How Connecticut determines the “best interests of the child”

While every family is different, the state of Connecticut considers a similar set of factors when making decisions about whether to award you or someone else custody over your child. These factors should vary to some degree based on the age of your son or daughter, among other variables. However, knowing what they are may give you a more accurate picture of your chances.

Per the Connecticut Judicial Branch, the state often considers the following areas, among others, when making decisions about child custody.

Your capacity to meet your child’s needs

Courts often consider your ability to meet the emotional and financial needs of your son or daughter when determining whether to award you custody. In doing so, the court may examine your existing relationship with the child up until this point.

Your willingness to work with the other parent

In situations where appropriate, the court system may be more likely to grant you custody if you show a willingness to help your child maintain a relationship with his or her other parent. The court may consider the likelihood of you maintaining compliance with court orders when assessing your willingness to work with the other parent.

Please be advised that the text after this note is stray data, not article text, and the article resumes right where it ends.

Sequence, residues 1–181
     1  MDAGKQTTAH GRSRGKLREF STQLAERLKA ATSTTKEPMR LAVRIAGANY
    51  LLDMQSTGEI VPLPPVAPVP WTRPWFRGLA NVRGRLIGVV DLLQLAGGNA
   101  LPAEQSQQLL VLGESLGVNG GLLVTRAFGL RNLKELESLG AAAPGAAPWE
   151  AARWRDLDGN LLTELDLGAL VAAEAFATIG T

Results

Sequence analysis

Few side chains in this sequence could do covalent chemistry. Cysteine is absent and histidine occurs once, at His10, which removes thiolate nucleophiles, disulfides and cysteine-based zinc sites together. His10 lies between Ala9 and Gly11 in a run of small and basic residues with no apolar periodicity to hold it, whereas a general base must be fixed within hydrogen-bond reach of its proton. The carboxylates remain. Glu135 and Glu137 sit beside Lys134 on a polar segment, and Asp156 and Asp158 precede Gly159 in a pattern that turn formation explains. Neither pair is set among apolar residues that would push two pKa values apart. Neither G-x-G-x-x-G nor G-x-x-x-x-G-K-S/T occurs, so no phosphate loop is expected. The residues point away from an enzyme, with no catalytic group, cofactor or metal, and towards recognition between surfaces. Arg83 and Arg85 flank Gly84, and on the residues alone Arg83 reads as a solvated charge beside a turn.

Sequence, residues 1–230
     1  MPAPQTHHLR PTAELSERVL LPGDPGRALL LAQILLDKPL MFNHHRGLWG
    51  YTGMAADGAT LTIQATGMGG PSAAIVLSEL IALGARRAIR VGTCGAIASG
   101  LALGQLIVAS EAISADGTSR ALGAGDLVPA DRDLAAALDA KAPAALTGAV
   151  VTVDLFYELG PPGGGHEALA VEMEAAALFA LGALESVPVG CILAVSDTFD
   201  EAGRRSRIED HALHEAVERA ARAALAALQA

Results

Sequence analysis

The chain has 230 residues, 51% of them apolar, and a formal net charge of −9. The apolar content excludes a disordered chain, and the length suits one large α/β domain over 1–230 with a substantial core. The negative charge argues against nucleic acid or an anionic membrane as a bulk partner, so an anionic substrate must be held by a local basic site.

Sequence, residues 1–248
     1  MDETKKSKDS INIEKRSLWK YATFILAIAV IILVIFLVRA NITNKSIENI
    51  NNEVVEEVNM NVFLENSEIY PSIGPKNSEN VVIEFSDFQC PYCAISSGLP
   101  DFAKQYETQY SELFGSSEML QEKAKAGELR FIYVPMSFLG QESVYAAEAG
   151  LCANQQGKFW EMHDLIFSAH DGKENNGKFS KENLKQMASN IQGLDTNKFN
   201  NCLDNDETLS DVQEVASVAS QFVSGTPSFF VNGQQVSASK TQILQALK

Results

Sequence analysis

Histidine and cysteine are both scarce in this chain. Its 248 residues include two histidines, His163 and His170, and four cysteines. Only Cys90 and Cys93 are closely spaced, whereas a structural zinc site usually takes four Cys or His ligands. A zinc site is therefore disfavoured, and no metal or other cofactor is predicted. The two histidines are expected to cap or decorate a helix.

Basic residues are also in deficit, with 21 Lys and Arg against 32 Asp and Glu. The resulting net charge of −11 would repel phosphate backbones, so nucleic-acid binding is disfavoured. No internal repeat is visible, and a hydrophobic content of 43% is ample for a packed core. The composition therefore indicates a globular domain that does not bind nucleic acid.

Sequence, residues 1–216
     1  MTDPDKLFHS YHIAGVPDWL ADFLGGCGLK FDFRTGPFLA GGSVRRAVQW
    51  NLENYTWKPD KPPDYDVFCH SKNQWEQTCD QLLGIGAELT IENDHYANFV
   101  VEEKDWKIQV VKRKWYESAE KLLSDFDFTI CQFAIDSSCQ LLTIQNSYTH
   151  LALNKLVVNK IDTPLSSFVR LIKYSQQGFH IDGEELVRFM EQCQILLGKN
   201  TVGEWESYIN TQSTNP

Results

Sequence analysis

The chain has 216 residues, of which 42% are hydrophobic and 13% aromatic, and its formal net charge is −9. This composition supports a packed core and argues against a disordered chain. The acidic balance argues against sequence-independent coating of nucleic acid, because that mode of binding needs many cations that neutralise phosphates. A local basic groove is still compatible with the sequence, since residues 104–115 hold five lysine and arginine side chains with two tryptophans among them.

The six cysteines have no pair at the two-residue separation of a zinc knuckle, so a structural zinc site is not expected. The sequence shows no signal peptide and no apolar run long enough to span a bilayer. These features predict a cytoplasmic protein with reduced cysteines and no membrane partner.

Your child’s relationships with siblings

If your child has brothers or sisters and maintains close relationships with them, the court may prioritize a custody arrangement that fosters the relationships that exist between or among them.

The stability of a potential home environment

A Connecticut court likely also considers the stability of each potential home environment before deciding whether to award child custody. If your child has already lived in a particularly stable environment for some time now, the state may make efforts to keep him or her there.